PE – Polyethylene
Physical – mechanical properties
With 0.90-0.96 g/cm³, PE is a very light semi-crystalline thermoplastic from the class of polyolefins, whereby VLD= Very Low Density ~0.90 g/cm³ and HD= High Density ~0.96 g/cm³ limit the density range. PE is water-repellent (hydrophobic) in normal settings like most polyolefins. PE is very tough. The modulus of elasticity, tensile strength and surface hardness give low values, increasing from VLD-PE to HD-PE. Good resistance to expansion cracking is predominantly found in VLD-PE and LLD/MLD-PE. With increasing density, increasing melt index and increasing part wall thickness, PE becomes more sensitive to expansion cracking. For appropriately stressed parts made of HD-PE (selection due to hardness and strength), care must be taken to ensure sufficiently low wall thicknesses and a HD-PE with a low melt index and low density must be selected.
Optical and chemical properties
Natural-coloured PE is translucent. With decreasing wall thickness, PE moulded parts become more transparent. VLD/LLD-PE moulded parts have a very good glossy surface with appropriately designed injection moulds. Naturally coloured PE mouldings are UV-sensitive and yellow with time. PE mouldings have a non-polar surface that is only attacked by a few chemicals. PE is resistant to acids, alkalis, alcohols, oil and salt solutions. In addition, HD-PE is resistant to petrol. VLD-PE and LD-PE swell in aliphatic and aromatic hydrocarbons. PE is not resistant to strong oxidising agents (e.g. nitric acid). Water vapour permeability is low, gas permeability is quite high compared to other plastics.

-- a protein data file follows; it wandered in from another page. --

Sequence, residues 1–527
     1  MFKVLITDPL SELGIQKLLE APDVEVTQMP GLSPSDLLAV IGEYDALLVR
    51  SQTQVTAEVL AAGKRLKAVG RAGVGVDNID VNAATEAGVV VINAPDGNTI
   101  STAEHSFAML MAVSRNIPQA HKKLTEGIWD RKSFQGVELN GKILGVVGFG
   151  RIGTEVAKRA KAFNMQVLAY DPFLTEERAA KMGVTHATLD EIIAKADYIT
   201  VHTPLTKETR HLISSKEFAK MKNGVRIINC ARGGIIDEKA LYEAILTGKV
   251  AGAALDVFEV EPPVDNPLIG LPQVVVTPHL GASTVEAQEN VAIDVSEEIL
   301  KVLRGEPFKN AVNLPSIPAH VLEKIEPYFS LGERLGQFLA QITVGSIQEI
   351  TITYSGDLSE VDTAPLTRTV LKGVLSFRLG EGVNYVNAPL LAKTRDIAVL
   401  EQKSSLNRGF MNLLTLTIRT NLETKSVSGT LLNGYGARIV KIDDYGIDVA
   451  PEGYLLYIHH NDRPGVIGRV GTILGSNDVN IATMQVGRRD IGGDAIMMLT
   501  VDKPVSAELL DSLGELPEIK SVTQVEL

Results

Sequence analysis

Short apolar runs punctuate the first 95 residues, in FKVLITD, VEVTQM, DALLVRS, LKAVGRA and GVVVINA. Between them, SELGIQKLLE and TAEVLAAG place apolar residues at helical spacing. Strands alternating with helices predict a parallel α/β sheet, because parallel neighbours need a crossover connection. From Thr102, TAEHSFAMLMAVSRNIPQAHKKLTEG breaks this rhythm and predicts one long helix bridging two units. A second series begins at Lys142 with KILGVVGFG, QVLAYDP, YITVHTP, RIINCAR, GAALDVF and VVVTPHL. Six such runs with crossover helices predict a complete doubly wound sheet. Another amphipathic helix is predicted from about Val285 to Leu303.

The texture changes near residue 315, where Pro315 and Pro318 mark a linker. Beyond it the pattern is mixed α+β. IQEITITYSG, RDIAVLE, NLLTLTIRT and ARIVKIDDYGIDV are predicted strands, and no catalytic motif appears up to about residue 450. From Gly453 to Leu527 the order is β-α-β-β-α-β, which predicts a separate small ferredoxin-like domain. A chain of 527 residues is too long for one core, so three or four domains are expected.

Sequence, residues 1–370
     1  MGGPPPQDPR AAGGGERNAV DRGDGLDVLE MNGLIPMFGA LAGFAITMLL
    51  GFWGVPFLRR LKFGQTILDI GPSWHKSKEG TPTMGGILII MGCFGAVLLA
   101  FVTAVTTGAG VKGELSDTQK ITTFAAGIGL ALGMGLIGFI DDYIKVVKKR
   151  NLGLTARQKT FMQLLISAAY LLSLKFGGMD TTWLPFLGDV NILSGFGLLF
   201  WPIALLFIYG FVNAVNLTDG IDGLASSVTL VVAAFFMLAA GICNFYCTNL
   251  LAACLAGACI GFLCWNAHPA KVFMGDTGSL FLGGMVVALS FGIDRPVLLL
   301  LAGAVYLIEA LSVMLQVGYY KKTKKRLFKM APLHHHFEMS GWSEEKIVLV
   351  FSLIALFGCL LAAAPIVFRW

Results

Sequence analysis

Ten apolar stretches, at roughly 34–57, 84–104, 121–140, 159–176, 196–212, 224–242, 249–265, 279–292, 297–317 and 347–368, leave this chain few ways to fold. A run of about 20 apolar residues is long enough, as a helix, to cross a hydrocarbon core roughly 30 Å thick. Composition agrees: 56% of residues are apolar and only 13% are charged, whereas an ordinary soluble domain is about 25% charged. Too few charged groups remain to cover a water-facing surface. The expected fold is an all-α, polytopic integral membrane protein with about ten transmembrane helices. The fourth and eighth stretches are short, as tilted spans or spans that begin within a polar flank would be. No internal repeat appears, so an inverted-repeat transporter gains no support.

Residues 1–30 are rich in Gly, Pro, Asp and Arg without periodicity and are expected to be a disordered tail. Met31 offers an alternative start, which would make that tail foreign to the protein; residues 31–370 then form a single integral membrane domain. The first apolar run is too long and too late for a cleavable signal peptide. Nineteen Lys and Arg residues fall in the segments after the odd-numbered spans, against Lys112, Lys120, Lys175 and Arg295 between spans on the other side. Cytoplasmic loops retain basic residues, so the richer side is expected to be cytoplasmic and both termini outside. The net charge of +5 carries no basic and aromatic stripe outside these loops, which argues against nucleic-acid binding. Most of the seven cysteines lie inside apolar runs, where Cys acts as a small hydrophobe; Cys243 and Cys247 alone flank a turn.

Resistance to weathering and ageing
PE is sufficiently resistant to irradiation in the visible range. UV radiation causes oxidation of the surface of PE mouldings. This is intensified by the presence of oxygen and therefore leads to brittleness and long-term disintegration. Suitable colouring, e.g. with carbon black, stabilises but reduces the heat ageing resistance. The addition of suitable UV stabilisers (HALS*) can sufficiently stabilise the outdoor applicability of PE mouldings with any colouring for decades.
*) = HALS (English -hindered amine light stabilizer) do not absorb UV radiation, but inhibit polymer degradation by continuous and cyclic removal of radicals generated by photooxidation of the polymer.
Special settings – product areas
Fillers to further reduce the cost of the material, various stabilisers, admixture of PE-based elastomeric thermoplastics (TPO) for softer and tougher settings – transport containers, washers, pipe plugs, furniture fittings, disposable articles, substitution of soft PVC with VLD-PE for highly elastic moulded parts.
The continuous service temperature of PE without mechanical stress is approx. -50 to 80°C for VLD-PE, -50 to ~95°C for LD-PE and -50 to 105°C for HD-PE. Ignition occurs from approx. 340°C. PE also burns outside the flame, glowing weakly with a strong waxy odour and dripping off as it burns.
Physiological and joining behaviour
PE is physiologically harmless as long as no additives are used that could be harmful to health. Some manufacturers also certify food compatibility. Due to the good chemical resistance resulting from polar moulded part surfaces, only pressure-sensitive adhesives can be used. For this purpose, the moulding surface must be thoroughly roughened and primed. The former can also be achieved by scarfing and corona discharge. If possible, gluing and painting should be avoided. PE can be joined by hot plate, friction, vibration or hot gas welding.
Examples of use
Production of packaging films for books, paper handkerchiefs, etc., as well as carrier bags. Production of molded parts such as kitchen bowls, cutting boards.
At b-plastic the following product groups, among others, are manufactured from PE: